Mrs. Mamta Sharma has been working as a TGT in Apeejay School Pitampura for the past 17 years now. She has an overall experience of 23 years as a school teacher. On being asked the reason for the highly skewed ratio of males and females in school teaching, she says ‘societal perception of school teaching as a job is responsible for this to a very large extent’. According to her, there is a mindset that the job of a school teacher is a good option for girls because of proper timings. Girls can look after their families too with this job. When asked that how can this ratio be brought to a balance in future, she says that there should be a fixed number of males and females that are employed as teaching staff members. Say if you have 20 members in the teaching staff, schools should make sure that they at least employ 10 males as staff members. This will help balance the ratio. A balanced ratio according to her will also lead to a better ratio tomorrow in the profession. She explains that seeing almost equal number of males and females in the teaching staff will help break the perception of students that only girls can turn to teaching. If students will find male teachers in schools only then will they believe that even males can take up this profession. Only then will the male students consider it seriously as a profession.
Ask him the name of the app which he developed and proudly comes the reply, “College Assistant. It’s available on Play Store.” He says he has three more apps “currently under construction”. Interestingly, he is still a final year computer science student of Jamia Hamdard University. He started with app developing so as to practice Java for future job purposes. When asked about the male dominated app development industry, he replies on the condition of anonymity that yes, the industry is totally male dominated. He further added, “In my batch in college there are a very limited number of girls since it’s a technical course and those which are there prefer going for masters and then getting into teaching.” According to him, this industry is male dominated only in our country and not overseas. He supports his point by saying that “when you search for projects online or post questions online regarding the problems you are facing while at work, you will find that there are a good number of females replying to your questions. Google has female tutors giving tech tutorials.” When asked what according to him is the reason for such low numbers of females in this field? He lists quite a few points. Firstly he says that the job of a software developer is extremely challenging. IT sector throws constant challenges which majority of the girls do not prefer facing because we bind them with the notion that their career isn’t the only thing they have to concentrate on. Software development requires 24*7 dedication and as you move up the ladder in the organization, more and more is expected from you. Another reason can be that if you decide to stay in India and work in this sector then you have to settle for comparatively lesser pay because there are only a handful companies which pay the deserved salary at lower posts in the ladder. It’s going to take ample number of years before you finally reach the 45k-50k pay bracket. On the other hand, this is the bracket you will begin with if you take up teaching at the university level. He concludes by saying that a lot needs to be done before we finally see a balanced gender ratio in this industry.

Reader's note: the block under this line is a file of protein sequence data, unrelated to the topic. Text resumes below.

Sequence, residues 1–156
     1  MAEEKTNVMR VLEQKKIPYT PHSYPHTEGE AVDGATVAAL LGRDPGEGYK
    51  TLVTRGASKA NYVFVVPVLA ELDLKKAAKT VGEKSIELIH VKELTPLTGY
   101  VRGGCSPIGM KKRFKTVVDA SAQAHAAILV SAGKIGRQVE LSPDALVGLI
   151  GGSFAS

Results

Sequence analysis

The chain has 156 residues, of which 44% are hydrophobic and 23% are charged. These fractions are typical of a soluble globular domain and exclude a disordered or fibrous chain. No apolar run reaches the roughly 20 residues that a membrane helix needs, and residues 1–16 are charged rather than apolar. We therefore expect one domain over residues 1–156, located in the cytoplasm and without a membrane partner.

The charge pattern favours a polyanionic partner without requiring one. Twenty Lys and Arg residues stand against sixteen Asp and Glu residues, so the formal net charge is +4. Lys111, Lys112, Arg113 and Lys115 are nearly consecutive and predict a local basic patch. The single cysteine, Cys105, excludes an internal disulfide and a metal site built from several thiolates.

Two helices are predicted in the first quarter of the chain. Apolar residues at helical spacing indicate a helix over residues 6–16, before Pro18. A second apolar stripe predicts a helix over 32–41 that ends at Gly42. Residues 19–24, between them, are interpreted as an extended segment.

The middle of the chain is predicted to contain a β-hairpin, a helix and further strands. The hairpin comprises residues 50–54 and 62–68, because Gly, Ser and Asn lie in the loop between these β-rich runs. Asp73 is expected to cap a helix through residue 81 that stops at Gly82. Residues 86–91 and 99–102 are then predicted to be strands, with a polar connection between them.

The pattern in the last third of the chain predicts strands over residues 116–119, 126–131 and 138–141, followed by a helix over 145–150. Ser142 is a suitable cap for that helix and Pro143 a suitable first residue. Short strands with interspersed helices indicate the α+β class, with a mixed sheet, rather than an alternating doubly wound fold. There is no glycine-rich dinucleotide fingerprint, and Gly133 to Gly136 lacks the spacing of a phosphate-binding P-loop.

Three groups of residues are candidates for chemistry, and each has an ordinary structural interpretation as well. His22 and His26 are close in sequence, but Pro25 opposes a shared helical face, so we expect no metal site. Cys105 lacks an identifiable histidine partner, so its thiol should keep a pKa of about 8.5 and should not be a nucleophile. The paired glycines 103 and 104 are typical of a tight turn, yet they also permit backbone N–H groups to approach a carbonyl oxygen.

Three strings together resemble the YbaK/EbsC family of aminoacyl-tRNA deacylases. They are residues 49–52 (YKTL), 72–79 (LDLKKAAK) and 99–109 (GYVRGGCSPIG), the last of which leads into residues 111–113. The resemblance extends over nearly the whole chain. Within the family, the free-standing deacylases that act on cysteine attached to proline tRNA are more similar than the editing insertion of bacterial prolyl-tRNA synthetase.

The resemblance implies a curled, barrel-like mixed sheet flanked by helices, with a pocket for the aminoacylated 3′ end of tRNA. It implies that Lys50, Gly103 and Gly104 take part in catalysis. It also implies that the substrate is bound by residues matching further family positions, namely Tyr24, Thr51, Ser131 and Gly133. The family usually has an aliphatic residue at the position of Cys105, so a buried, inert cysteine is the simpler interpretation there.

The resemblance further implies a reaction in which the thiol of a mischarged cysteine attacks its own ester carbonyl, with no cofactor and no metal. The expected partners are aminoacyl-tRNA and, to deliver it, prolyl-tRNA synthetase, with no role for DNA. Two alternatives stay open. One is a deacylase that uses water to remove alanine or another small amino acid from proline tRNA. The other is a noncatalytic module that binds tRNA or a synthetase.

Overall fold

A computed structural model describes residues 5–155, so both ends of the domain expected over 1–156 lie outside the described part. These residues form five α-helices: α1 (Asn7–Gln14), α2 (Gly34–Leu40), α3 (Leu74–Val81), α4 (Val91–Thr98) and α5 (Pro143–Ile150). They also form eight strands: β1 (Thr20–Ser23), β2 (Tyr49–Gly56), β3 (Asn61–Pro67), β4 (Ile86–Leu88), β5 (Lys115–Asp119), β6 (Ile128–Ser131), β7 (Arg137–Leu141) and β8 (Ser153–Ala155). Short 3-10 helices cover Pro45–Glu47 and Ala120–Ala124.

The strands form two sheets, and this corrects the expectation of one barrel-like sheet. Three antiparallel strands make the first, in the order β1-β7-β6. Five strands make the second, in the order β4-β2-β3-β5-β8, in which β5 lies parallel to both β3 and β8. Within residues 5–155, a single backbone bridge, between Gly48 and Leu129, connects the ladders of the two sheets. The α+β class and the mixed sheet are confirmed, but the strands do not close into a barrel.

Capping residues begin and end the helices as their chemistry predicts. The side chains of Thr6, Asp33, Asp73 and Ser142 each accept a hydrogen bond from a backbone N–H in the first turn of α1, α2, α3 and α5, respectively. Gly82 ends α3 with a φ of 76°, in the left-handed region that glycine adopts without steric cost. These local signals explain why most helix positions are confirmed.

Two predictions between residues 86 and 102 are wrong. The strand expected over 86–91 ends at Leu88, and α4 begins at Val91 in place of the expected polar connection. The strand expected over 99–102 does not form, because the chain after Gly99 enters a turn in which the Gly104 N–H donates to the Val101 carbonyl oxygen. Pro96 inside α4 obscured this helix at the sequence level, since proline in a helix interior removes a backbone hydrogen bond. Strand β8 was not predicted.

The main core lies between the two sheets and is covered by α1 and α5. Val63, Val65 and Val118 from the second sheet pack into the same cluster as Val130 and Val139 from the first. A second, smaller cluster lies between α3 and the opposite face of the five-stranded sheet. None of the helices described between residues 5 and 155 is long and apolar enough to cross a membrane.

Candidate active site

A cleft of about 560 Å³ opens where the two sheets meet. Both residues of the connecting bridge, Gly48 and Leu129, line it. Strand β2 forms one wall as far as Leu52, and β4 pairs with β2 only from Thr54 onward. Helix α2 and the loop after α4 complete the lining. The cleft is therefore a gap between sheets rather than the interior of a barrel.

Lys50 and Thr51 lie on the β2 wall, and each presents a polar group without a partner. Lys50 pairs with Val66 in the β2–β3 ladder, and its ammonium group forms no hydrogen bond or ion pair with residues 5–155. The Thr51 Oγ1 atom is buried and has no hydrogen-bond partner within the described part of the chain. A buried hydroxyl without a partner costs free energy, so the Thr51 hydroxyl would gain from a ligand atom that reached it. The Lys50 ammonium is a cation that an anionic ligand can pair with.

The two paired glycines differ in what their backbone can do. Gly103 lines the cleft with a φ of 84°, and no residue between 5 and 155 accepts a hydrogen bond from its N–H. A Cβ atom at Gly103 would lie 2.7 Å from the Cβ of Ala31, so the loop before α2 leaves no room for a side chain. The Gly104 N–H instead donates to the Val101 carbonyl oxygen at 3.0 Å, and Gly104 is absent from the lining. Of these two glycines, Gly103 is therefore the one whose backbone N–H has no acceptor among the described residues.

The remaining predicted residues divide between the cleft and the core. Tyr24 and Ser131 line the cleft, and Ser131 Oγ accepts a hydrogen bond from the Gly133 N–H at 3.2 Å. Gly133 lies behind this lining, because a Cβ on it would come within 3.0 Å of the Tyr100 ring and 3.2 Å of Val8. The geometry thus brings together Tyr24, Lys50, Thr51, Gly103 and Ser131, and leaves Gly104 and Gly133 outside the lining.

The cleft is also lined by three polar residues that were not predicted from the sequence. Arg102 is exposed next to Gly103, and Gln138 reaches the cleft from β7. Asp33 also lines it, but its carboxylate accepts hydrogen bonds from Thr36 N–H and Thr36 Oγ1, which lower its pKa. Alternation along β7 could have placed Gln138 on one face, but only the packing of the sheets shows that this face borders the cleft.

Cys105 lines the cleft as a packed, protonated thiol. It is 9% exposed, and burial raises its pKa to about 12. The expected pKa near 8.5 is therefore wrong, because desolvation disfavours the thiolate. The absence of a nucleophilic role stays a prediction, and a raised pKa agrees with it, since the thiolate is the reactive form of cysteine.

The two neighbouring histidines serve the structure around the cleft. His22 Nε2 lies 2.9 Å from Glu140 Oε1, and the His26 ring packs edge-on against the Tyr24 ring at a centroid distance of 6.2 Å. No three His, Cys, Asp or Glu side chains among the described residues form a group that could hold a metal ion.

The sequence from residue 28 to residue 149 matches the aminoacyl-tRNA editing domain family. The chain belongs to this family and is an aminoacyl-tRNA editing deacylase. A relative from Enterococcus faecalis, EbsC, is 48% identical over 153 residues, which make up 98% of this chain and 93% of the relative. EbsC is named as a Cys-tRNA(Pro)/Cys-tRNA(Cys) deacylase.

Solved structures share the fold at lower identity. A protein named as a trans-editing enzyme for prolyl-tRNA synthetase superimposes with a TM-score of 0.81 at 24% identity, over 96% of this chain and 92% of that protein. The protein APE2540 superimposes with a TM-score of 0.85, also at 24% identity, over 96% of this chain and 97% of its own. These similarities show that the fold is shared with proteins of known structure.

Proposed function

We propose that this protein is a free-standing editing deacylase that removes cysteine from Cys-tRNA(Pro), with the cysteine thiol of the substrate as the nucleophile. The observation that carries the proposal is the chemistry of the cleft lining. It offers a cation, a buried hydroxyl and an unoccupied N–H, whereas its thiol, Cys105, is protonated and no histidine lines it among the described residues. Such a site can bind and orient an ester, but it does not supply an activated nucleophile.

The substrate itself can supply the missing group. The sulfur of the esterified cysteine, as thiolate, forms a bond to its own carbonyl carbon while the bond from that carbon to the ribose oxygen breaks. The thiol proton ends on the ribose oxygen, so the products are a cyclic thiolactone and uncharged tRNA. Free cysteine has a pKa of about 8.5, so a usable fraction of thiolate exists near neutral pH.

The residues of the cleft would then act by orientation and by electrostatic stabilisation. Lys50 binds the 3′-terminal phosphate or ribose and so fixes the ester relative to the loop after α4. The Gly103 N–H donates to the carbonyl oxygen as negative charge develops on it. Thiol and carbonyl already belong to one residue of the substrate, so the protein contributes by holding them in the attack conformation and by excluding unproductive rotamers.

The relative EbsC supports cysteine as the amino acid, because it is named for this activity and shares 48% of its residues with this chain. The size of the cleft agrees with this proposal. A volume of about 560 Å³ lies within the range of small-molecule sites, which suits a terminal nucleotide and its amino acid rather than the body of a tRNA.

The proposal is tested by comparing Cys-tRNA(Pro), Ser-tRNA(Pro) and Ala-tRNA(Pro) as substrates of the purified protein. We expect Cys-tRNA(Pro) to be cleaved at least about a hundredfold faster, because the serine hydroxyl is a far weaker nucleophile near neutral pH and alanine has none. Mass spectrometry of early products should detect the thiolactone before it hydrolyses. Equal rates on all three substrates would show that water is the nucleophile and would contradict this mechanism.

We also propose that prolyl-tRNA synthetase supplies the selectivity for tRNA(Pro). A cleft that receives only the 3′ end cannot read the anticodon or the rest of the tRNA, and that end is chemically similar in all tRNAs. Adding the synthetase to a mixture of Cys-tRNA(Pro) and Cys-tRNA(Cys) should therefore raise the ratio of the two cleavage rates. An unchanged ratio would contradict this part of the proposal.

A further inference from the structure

There can be nothing worse for a profession than to be associated with a gender tag like a “pink collar profession” or any such gender related tag. In the nutshell it can be said that if he wants to teach in a school, let him. If she wants to join the army, let her! If she wants to rule the business world, let her! If he wants to be in the nursing job, let him! Let interest and passion be the yardsticks. Not gender.
Semester VI- A, VSJMC